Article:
Two bishops were abducted, Paolo Dall’Olio is one of them. Do you believe that they are still alive? In Syria, what does it mean to lose hope?
Unfortunately we have no information on whether they are still alive. But we
continue hoping that they are alive, since we have no evidence to the contrary.
We must be open to hope. Until now, we received no negative news about their condition. We are doing everything we can to collect information. But sadly to date we haven’t received any reliable news. Neither from the US, Russia, nor from governments and Churches in the Middle East, and nor from Turkey: no certain and reliable information has been provided to us. But we continue praying for them, we continue doing our utmost to find out all we can about their fate.
What is your request to European Churches? A message, an appeal…?
We call upon the Churches of Europe to pray for us and to help us. What we need is to know that the Churches in Europe are near us. But most of all we would like them to visit us. Then can come to get to know us, we don’t expect them to be political mediators. They can come to visit our churches, go out on the streets and speak with our people, listen to what they have to say and what they think. Only few delegations have come to visit us. There were many political delegations from different parts of Europe and some Churches did come, from England, Sweden, USA. But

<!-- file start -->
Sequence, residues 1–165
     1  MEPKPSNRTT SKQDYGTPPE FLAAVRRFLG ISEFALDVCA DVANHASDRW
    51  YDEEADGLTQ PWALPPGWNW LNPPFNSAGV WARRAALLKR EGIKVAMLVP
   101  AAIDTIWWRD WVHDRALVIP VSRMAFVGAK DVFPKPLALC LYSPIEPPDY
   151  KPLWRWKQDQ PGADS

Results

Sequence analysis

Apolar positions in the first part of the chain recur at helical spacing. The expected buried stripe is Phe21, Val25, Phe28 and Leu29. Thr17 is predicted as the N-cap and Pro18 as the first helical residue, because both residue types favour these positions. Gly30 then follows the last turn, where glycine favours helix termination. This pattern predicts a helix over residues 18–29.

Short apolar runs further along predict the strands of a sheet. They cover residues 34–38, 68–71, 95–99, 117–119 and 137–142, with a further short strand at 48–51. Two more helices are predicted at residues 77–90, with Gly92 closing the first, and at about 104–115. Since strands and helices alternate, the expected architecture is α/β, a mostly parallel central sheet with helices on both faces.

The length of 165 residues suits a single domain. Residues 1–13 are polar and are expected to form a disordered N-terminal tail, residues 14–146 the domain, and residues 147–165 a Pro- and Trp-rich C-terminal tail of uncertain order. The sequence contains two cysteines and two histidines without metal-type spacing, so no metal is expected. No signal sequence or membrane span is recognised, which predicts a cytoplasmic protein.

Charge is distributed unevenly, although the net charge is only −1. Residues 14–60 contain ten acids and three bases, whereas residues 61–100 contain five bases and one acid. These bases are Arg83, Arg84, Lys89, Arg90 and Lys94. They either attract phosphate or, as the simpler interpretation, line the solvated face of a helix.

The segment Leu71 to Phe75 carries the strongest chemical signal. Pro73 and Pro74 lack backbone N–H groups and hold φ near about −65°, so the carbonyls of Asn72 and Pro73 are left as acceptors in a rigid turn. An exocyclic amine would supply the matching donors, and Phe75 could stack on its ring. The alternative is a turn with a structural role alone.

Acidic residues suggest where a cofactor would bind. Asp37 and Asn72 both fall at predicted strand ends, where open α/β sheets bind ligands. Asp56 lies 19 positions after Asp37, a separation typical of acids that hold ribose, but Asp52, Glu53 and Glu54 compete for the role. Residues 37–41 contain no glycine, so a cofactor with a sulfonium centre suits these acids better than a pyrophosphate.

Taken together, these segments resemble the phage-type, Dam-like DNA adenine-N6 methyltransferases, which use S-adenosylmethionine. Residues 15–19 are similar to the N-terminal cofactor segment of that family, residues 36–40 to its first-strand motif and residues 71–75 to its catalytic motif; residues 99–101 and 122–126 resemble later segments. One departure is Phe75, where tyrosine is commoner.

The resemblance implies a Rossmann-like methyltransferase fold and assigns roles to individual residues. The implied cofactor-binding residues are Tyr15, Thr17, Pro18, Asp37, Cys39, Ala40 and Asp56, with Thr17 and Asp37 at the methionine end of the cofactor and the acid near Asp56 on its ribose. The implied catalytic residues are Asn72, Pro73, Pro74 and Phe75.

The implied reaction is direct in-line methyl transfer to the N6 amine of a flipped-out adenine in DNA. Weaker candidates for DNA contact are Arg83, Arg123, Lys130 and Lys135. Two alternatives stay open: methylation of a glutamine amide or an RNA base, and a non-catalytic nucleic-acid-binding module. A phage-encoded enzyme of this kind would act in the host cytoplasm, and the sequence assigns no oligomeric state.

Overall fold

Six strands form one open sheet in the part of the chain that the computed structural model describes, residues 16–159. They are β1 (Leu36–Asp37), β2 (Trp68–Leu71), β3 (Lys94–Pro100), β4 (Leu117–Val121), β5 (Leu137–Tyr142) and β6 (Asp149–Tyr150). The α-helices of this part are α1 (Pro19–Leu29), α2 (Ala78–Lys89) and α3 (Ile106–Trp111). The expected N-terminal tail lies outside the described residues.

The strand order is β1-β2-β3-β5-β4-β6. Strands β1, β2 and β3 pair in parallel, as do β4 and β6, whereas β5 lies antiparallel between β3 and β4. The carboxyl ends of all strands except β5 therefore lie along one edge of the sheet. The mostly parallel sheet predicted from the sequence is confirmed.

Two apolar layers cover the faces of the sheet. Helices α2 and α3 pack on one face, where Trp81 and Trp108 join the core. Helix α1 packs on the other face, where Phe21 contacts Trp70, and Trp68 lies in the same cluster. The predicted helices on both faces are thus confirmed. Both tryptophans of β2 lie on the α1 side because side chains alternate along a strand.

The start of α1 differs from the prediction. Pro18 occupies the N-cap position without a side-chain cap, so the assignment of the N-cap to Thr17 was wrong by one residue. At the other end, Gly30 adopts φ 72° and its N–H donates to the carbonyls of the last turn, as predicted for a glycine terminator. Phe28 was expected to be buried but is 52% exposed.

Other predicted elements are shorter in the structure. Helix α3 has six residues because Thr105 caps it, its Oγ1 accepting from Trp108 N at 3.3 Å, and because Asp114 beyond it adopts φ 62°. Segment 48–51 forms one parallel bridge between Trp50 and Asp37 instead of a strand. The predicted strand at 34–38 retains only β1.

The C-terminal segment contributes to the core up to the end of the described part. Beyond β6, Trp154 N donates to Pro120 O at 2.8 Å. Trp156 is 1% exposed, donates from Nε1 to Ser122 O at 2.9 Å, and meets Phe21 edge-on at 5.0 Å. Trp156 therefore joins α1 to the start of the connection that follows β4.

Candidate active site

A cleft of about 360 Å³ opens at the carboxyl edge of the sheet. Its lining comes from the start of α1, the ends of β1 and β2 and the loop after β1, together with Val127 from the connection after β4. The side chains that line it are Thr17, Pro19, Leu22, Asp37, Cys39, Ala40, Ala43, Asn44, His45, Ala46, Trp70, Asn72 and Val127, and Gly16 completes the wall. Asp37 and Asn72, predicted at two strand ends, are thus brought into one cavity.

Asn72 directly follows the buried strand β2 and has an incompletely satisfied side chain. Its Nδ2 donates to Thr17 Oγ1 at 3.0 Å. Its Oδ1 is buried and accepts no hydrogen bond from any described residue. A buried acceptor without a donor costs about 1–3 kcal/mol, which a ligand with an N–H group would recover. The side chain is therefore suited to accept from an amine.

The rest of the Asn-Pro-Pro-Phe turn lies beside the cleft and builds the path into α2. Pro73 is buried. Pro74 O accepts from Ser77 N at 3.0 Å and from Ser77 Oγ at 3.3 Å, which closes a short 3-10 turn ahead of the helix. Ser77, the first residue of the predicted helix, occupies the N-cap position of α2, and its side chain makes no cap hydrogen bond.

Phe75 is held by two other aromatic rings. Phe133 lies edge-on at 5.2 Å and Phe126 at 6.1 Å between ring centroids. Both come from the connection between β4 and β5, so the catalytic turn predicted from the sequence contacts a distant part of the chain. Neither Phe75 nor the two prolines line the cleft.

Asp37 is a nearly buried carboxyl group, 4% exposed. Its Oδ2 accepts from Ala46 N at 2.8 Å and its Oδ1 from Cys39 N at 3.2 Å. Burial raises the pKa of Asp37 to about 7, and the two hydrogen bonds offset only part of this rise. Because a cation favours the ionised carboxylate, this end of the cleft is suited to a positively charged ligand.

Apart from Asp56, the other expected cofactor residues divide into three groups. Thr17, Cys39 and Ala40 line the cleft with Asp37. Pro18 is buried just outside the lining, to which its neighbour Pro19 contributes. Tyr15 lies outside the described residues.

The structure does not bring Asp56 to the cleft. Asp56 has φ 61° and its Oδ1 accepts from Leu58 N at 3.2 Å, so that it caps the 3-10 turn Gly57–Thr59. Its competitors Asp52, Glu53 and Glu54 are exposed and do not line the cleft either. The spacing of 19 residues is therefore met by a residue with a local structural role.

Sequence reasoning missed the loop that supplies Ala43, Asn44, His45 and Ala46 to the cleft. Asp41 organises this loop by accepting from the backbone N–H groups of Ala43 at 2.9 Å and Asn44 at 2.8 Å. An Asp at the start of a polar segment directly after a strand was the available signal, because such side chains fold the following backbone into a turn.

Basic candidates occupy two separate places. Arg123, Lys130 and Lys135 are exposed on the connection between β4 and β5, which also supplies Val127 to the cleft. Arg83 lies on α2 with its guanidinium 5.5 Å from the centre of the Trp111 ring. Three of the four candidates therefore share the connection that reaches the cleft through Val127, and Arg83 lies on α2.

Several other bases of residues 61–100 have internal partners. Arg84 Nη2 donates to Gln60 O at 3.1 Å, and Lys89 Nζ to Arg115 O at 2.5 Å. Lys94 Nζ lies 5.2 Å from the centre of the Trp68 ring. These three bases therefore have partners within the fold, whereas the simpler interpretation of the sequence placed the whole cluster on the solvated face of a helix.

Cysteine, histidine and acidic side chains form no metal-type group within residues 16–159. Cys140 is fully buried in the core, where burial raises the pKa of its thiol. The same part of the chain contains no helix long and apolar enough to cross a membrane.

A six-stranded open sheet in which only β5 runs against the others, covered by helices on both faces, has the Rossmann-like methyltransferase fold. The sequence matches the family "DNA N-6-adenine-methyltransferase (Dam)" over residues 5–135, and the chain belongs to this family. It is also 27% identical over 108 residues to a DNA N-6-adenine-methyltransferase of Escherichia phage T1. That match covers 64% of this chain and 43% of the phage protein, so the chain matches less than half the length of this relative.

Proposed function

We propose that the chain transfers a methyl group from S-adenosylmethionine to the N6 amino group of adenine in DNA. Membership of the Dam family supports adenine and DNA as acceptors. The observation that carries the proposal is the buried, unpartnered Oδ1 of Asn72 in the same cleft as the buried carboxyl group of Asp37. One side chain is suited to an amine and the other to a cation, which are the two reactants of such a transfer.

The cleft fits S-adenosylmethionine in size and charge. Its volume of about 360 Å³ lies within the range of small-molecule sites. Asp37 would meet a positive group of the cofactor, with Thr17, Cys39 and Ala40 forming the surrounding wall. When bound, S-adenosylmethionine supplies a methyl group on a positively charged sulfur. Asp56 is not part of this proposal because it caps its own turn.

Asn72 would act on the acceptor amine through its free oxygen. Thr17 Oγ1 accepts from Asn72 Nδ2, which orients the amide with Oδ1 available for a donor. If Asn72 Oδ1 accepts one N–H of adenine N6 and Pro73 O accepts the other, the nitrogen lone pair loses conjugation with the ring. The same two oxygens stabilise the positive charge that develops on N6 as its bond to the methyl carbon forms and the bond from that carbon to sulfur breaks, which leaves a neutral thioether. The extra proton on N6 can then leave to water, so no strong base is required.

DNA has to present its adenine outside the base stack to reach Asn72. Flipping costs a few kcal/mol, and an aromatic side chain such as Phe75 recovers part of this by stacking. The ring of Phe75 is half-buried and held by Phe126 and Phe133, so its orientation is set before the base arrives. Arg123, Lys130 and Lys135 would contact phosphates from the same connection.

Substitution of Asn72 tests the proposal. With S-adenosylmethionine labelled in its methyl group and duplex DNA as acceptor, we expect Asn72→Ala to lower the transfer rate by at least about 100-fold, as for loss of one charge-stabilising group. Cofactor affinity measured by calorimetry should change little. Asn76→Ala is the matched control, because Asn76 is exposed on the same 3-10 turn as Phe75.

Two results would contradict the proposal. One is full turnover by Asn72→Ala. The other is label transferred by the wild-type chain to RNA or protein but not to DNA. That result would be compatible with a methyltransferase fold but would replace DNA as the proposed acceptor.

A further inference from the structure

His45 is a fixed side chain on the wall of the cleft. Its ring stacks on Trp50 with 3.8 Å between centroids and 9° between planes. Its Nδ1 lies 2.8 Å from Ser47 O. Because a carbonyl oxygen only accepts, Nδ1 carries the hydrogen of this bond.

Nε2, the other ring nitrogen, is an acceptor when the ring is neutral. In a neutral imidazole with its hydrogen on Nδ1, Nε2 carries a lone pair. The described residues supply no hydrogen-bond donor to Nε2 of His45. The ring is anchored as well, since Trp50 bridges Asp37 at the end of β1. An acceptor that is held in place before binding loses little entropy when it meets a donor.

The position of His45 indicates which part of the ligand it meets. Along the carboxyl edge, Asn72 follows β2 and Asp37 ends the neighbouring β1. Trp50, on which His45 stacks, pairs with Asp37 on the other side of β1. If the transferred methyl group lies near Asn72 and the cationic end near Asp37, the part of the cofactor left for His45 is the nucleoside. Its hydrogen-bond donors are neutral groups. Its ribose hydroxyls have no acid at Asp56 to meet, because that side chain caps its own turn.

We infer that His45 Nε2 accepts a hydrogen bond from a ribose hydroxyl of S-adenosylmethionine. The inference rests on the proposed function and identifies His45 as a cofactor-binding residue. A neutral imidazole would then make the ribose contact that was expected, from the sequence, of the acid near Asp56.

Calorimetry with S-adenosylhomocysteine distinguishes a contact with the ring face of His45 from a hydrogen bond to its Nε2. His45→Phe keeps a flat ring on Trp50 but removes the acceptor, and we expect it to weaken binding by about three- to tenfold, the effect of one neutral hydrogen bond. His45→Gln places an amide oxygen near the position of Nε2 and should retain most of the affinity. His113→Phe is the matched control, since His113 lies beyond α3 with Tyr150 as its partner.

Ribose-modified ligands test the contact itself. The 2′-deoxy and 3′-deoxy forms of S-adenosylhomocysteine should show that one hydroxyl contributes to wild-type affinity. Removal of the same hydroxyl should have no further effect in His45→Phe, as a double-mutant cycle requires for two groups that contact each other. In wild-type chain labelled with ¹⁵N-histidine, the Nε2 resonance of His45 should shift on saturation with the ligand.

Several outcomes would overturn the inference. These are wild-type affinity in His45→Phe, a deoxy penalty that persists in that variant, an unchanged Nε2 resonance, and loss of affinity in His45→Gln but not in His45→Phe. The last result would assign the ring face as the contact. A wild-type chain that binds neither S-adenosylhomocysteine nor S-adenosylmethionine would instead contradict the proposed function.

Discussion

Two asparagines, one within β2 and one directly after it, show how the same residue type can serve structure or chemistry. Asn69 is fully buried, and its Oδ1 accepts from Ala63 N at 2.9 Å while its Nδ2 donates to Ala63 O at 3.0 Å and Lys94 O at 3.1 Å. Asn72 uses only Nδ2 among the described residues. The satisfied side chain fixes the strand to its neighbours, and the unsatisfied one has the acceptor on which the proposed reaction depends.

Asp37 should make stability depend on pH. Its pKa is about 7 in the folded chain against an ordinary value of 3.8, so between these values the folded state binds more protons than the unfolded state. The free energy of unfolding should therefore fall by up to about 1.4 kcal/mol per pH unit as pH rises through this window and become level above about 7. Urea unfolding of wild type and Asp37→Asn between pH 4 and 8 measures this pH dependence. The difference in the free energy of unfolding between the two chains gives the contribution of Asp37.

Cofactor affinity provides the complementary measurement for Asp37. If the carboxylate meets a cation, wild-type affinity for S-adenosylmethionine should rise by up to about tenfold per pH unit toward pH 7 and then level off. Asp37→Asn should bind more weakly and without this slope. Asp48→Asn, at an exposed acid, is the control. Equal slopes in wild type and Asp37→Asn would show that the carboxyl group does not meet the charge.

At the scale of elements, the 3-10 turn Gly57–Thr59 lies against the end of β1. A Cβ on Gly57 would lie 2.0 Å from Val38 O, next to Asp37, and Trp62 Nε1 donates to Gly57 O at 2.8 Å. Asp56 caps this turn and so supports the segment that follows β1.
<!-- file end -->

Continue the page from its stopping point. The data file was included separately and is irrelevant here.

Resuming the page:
“We need Church leaders to visit our Country, we need them to see the life of the Churches in Syria, to speak with ordinary people in order to understand the situation on the ground.”
Media reports don’t reflect the truth, they don’t tell the whole story. We warn against the partial, partisan perspective of news coverage, which gives a certain amount of information but conceals the rest. The truth must be told, but only by coming here, only by talking to people is it possible to have an idea of what is truly happening in Syria.
Pope Francis is planning a Day of Reflection on Prayer on the situation in the Middle East, to be held next July 7 in the city of Bari. He will be inviting Church and Christian Communities leaders from that region. What do you think about this initiative? Will you attend the event?
Pope Francis is one of the people who live for us. As I have said on many occasions, His Holiness prays for Syria and for the Middle East. Syria and the Middle East are in his heart. The fact that he summoned all Christian leaders for a Day of reflection and prayer is not only a spiritually inspired initiative,
it’s also a powerful sign for Christians in the Middle East that will make them perceive the closeness of world Churches. We feel abandoned by the international community, for various reasons. I welcome this initiative that I am planning to attend.